A need or a want? I was in a place where I could financially afford it.  And to answer my mother’s voice rattling around in there, I may have even said out loud in my car:  “I’m 59 years old. And she’s not alive to witness it.”  [I remember when I got my ear pierced and went over to her apartment.  When she noticed the ear ring, she said “Vincent! I told you if you ever got a piercing or a tattoo, you were not welcome in my house!” (She was joking to make a point, sort of, about that.) I looked at her and said “Mom, I’m 35.”]  Today, in this day of less stigma about and much greater acceptance of body art, I think she would say something like “you know, some of them come out very beautiful” and she might pause and then add “but some come out bad.  Really bad.”

My second-guessing about “a want” was answered by the time I reached 30th Street.

The second-guessing question that remained, “do I really want this,” moved back and forth from the back of my mind to the front of my mind for the whole trip.  The other questions were actually easier, so as they pushed their way to the front of my mind, I answered them.  I had about seven minutes until I reached Redemption Tattoo Shop on west Colorado Avenue.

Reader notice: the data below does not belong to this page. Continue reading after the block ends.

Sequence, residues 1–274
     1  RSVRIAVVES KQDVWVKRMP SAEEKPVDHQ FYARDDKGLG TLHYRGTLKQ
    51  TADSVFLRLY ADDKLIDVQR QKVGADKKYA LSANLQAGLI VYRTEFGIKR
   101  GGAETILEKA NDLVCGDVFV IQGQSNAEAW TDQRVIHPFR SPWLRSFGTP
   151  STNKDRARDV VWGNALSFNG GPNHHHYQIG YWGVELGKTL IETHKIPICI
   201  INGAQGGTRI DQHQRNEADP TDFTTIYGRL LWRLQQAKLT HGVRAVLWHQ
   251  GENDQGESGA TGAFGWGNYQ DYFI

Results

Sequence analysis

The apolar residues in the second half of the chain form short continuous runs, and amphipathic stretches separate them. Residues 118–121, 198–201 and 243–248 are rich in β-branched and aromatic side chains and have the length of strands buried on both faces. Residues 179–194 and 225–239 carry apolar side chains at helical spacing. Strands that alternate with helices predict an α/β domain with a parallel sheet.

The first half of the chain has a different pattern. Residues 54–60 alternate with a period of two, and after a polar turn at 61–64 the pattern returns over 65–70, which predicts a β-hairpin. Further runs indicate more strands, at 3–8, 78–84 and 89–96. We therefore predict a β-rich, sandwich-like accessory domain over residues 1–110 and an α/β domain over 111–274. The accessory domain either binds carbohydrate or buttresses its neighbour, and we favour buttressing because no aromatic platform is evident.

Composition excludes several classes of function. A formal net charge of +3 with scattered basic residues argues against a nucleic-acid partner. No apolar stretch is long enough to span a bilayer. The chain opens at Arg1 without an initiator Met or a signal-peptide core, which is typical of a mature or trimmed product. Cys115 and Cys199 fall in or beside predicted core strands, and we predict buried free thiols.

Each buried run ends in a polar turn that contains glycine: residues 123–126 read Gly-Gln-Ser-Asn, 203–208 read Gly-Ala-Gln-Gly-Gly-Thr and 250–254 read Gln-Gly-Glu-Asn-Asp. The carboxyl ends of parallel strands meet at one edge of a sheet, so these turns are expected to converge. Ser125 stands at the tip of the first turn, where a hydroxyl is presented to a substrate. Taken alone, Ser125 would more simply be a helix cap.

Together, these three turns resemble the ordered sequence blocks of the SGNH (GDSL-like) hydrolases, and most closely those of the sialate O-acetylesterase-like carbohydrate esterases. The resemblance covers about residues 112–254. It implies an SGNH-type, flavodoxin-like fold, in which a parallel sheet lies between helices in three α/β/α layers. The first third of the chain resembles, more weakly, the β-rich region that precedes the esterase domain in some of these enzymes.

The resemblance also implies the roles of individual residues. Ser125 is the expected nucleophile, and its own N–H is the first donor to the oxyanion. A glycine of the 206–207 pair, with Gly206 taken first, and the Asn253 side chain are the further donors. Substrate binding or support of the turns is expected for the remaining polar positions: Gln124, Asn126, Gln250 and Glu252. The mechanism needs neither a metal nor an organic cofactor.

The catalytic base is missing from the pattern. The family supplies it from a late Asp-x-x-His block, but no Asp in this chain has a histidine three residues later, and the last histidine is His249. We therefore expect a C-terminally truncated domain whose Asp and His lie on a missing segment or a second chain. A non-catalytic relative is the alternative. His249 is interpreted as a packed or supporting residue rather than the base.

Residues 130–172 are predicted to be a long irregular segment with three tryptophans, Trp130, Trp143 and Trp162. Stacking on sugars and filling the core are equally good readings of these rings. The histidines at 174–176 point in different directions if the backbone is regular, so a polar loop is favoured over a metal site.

I had debated on whether I “really want to do this” for several years.  My daughter, Jessica, who got her first ink on the day she turned 18, was now in a place where she rolled her eyes whenever I showed her a sketch of a tattoo idea or even mentioned it.  She had heard it for years.  Jannetta was the same way.  If Jessica and Jannetta were in the same room and I mentioned my ideas or even my desire to get a tattoo, they would roll their eyes in perfect synchronization.  They didn’t know why I had any hesitation;  they attributed it to the anticipated pain of the needle.  They attributed my lack of conviction to the whole idea of body art in any form.  I didn’t even know why.  Fears of really bad tattoos.  Fears of not being able to go to my deceased mother’s apartment.

I had cried wolf before.  Told them of my plans.  I posted status updates on Facebook seeking recommendations for artists and parlors (or shops). People responded with names and locations but I never took that step of actually, you know, going to the shop.

For months, ok — years, I sketched out designs.  I had random images that I had roughed out in my mind and on paper.  I had images from the internet that I thought would be cool.  I reached the decision that  I would get a tattoo inspired by my passion for fly fishing.  Yeah, that would be it.  Some of the fly fishing guides that I hung out with had some cool fish and river and nature designs.  I started to sketch out some ideas.  I considered using a line from Hemingway’s “Big Two-Hearted River” or the line from Emmylou Harris, “I am standing by the river; I’ll be standing here forever.”